Nuclear, Fossil Fuels Have Dominated Federal Energy R&D Spending

Nuclear energy has been the recipient of almost half of the federal government's energy research and development spending since 1948, according to a new assessment from the Congressional Research Service.
Fossil fuels come in second at half that amount—24 percent. The little more than a quarter of federal spending that remains has been divided between renewables, energy efficiency and electric systems like the grid.
"From FY1948 through FY1977, the majority of federal government support for energy R&D focused on fossil energy and nuclear power technologies," writes energy-policy analyst Corrie E. Clark in a report that was released to members of Congress on June 18. Retired specialist Fred Sissine also contributed to the report.
That early funding included the Atoms for Peace effort to harness nuclear technologies for peaceful uses, and the post-war effort to harness fossil and nuclear energies for economic growth.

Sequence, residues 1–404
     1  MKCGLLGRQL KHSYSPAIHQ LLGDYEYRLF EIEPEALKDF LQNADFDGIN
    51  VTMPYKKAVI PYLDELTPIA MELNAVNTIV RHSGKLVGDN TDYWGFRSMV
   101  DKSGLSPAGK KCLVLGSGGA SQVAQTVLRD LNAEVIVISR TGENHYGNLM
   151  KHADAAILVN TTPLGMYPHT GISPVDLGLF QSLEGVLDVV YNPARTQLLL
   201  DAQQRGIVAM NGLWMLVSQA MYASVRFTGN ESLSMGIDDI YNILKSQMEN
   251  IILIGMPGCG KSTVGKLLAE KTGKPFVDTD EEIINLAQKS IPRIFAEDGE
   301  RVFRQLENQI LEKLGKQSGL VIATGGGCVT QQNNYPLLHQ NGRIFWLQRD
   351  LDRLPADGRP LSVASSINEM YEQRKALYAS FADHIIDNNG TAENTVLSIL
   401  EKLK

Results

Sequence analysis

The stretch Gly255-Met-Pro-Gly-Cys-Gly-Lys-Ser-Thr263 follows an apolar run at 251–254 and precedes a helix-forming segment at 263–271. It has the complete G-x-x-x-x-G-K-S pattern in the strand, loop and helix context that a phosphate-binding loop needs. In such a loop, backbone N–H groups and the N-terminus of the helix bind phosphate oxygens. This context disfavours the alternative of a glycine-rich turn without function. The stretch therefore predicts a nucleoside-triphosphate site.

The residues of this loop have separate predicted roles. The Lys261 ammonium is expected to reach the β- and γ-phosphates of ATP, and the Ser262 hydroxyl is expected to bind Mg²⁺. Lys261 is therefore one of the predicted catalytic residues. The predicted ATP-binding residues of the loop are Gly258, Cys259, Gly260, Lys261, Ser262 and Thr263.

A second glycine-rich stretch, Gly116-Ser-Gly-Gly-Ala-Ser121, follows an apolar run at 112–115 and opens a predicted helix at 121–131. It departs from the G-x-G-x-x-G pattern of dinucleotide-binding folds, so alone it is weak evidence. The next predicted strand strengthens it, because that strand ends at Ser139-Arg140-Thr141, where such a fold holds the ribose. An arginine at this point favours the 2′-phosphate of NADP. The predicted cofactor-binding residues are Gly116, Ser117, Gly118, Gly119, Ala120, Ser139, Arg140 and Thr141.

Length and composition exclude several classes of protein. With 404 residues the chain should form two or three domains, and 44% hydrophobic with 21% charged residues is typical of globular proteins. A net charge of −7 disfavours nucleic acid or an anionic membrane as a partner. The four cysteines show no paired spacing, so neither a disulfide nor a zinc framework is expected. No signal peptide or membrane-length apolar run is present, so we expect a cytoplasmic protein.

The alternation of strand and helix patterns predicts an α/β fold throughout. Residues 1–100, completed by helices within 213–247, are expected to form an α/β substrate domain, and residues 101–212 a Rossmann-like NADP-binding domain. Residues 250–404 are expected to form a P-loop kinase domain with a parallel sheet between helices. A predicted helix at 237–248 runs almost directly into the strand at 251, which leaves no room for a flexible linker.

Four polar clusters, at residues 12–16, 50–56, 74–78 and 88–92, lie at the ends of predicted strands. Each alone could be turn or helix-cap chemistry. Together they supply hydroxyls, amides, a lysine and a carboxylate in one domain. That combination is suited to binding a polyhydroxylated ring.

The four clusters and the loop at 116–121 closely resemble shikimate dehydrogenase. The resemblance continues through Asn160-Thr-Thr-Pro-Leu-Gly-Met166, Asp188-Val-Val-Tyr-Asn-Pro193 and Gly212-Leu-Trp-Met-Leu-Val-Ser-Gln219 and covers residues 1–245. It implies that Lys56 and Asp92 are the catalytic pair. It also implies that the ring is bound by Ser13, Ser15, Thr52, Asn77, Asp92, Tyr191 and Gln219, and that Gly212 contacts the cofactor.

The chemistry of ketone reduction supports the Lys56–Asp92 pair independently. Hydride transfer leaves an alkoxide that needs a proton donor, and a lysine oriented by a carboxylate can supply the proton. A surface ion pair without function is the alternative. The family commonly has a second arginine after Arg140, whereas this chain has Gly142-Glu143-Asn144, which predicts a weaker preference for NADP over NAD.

In 1977, energy R&D programs were consolidated under the new Department of Energy, and the energy crisis prompted the government to begin investing in renewables and energy efficiency, the report states.
Under DOE, electric systems also enjoyed modest funding. CRS considers electric systems, including energy storage and electricity delivery. In 2009, the American Recovery and Reinvestment Act infused the agency with $13 billion and directed the largest share to electric systems.
In total, the U.S. government has spent just over $229 billion (in 2016 dollars) on energy R&D, with:
$109.59 billion going to nuclear
$54.96 billion to fossil fuels
$29.35 to renewables
$25.14 to energy efficiency, and
$10.31 to electric systems.
The Department of Defense and other agencies have expended some energy R&D funding not covered in the CRS report, but the authors note it occurred "on a much smaller scale."

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